BART Labor Talks Appear to be Going Nowhere - NBC Bay Area

BART Labor Talks Appear to be Going Nowhere

Cooling off period ends Oct. 10



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    OAKLAND, CA - AUGUST 02: A Bay Area Rapid Transit (BART) train travels towards downtown Oakland on August 2, 2013 in Oakland, California. San Francisco Bay Area commuters are bracing for the possibility of a BART strike as a 30-day contract extension is set to expire on August 4 at midnight. Unions representing BART workers announced a 72-hour notice of intent to strike yesterday as BART management and union officials continue to negotiate a new contract. An estimated 400,000 people ride BART each day. (Photo by Justin Sullivan/Getty Images)

    With only five weeks left before a 60-day cooling off period expires, negotiators for BART management and its labor unions didn't meet at the bargaining table Thursday but instead traded allegations that the other side is bargaining in bad faith.

    First, BART Board President Tom Radulovich held a news conference at the transit agency's headquarters to claim that management has made "a good faith effort" to improve its offer to its employees but claim "we haven't seen commensurate movement on the other side."

    Leaders of Service Employees International Union Local 1021, which represents 1,430 mechanics, custodians and clerical workers, and Amalgamated Transit Union Local 1555, which represents 945 station agents, train operators and clerical workers, then responded by accusing management of negotiating in the press instead of at the bargaining table and of releasing inaccurate information to the public.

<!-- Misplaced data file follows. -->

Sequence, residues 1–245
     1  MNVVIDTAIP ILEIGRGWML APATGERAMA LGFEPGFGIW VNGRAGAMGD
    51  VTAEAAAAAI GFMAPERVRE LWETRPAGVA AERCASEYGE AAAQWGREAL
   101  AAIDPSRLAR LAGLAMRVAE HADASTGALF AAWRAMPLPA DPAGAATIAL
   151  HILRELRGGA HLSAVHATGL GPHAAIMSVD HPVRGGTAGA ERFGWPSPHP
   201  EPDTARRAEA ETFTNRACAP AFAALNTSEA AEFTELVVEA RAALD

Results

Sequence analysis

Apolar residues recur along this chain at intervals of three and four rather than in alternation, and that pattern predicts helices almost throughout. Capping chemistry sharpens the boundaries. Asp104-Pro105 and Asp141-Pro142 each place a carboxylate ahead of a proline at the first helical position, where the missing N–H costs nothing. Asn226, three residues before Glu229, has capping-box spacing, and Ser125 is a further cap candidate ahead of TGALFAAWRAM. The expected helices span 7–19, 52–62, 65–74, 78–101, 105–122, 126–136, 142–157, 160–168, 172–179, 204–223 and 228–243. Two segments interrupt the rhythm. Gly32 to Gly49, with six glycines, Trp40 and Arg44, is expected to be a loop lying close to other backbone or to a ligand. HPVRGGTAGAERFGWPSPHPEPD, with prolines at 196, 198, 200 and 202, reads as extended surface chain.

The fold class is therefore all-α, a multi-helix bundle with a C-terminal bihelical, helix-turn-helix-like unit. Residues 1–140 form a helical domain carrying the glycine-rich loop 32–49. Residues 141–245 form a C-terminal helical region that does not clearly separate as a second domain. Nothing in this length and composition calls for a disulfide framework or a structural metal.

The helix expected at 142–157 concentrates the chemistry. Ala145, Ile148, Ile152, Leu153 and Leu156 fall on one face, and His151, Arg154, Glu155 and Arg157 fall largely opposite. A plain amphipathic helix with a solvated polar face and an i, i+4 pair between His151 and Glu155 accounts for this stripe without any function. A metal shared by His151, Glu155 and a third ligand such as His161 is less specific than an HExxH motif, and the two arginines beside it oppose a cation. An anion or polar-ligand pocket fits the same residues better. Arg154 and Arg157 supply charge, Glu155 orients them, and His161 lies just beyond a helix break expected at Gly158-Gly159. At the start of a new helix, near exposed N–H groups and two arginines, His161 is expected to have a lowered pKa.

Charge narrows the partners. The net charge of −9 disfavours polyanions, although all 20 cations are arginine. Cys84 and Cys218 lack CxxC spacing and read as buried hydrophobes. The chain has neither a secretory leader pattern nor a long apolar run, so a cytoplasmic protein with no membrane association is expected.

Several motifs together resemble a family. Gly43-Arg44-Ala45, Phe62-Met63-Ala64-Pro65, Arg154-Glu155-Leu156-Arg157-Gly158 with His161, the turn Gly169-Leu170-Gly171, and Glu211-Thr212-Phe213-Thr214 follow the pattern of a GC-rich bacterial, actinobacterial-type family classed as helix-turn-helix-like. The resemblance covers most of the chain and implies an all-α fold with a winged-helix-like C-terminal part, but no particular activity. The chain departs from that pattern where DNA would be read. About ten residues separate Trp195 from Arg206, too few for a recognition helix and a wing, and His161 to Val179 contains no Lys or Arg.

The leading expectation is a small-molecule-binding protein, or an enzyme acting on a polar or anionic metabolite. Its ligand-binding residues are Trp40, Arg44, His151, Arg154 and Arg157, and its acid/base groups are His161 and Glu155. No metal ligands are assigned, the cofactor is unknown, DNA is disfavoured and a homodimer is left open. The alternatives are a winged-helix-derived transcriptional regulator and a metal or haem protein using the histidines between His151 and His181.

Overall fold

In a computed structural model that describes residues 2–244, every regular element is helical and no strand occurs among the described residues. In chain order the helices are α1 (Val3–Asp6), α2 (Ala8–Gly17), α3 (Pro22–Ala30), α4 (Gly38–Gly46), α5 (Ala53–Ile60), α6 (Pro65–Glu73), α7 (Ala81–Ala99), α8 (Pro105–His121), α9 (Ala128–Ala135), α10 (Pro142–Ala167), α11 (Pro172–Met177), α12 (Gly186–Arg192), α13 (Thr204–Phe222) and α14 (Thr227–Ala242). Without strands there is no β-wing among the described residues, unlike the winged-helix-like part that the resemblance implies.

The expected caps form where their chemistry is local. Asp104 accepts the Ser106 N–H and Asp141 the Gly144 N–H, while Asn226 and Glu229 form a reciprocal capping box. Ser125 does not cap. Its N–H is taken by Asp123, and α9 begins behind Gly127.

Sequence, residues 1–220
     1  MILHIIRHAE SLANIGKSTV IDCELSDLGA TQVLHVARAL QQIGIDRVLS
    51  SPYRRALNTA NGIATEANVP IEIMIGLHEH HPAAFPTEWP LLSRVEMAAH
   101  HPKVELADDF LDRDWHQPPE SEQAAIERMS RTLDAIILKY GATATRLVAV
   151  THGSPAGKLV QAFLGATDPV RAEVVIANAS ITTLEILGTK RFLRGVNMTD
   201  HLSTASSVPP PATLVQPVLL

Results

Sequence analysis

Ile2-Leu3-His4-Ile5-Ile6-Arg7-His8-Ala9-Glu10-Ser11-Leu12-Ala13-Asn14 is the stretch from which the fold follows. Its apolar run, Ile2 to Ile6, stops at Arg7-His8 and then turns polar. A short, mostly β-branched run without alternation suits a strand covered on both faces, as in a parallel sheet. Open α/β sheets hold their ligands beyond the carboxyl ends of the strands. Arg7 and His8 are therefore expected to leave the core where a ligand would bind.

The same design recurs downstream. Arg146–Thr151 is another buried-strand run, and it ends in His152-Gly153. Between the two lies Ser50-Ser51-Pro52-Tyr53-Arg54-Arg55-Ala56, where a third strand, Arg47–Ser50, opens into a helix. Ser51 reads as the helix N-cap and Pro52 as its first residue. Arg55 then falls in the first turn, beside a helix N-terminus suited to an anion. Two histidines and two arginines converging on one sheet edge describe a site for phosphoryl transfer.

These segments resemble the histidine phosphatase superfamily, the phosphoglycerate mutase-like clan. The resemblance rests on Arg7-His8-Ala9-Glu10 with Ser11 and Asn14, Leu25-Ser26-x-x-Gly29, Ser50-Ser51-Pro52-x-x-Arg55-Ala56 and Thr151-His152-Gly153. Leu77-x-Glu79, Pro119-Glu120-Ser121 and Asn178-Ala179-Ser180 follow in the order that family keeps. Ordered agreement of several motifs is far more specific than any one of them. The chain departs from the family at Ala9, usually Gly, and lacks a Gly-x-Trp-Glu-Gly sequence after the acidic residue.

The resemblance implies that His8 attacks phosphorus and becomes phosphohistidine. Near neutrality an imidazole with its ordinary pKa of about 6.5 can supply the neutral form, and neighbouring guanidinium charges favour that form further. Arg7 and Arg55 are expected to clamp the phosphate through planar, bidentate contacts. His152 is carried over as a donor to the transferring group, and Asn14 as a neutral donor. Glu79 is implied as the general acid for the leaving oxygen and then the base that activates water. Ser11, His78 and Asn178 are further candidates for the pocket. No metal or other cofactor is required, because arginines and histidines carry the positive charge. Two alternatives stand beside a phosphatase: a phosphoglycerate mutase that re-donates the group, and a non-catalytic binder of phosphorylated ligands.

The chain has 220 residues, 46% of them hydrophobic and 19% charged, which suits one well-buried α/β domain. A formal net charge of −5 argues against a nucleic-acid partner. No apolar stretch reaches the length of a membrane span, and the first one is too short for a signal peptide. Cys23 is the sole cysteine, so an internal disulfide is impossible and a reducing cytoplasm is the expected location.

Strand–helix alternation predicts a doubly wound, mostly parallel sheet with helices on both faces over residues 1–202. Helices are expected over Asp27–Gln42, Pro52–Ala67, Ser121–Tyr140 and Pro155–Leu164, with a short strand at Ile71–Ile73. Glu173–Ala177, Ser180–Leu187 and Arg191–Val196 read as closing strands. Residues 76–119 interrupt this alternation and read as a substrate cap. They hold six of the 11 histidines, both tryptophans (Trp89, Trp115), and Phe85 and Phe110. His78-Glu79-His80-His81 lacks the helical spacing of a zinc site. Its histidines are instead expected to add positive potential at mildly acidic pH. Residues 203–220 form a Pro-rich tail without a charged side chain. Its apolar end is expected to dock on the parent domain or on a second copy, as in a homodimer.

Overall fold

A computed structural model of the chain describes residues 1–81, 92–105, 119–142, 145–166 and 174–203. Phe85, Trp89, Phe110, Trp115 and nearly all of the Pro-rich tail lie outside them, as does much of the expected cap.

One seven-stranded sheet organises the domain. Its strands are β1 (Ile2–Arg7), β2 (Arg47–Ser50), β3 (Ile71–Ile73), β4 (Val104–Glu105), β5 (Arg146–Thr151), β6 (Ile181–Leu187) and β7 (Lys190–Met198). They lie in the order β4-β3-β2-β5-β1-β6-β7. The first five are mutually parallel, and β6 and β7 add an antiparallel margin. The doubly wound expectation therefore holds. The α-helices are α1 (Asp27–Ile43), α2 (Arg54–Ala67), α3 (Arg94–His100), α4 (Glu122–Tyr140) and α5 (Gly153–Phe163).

ATU Local 1555 President Antonette Bryant alleged that management is releasing numbers about wage and benefit proposals that are "incorrect, half-baked and erroneous." Bryant, a station agent who's worked for BART for 22 years and has participated in several prior contract negotiations, said the talks this year are "the most contentious and argumentative" she's even been in and alleged that management's proposals "are clearly aimed at forcing a strike."

    BART employees in fact did go on strike for four-and-a-half days at the beginning of July when contract talks that began on April 1 failed to reach an agreement but workers agreed to go back to work for a month while negotiations continued.

    The key issues in the talks are employee wages and how much they contribute toward the cost of their health and pension benefits.

    BART employees threatened to go on strike again in early August, but on Aug. 11, a judge ordered a 60-day cooling-off period at the request of BART management and Gov. Jerry Brown. The cooling-off period expires on Oct. 10 but Radulovich admitted that there has been very little negotiating since the period began.

    However, Radulovich said, "The problem with negotiations has not been the number of meetings, it is the unrealistic nature of the union proposals. Until union leadership starts putting forward reasonable proposals, we will be unable to settle this."

    He said BART management began negotiations by not offering any wage increase for four years but is now offering a 10 percent wage hike over that term. But Radulovich said the unions "are stubbornly insisting on raises of 20 percent or more" over three years. He said, "We don't think that will get us there" in terms of reaching an agreement.

    However, SEIU Local 1021 President Roxanne Sanchez said management's latest proposal would still "put workers behind" where they currently are financially because their wage increase would be offset by increased contributions for their health care and pension benefits.

    "Any agreement has to be fair and equitable," Sanchez said.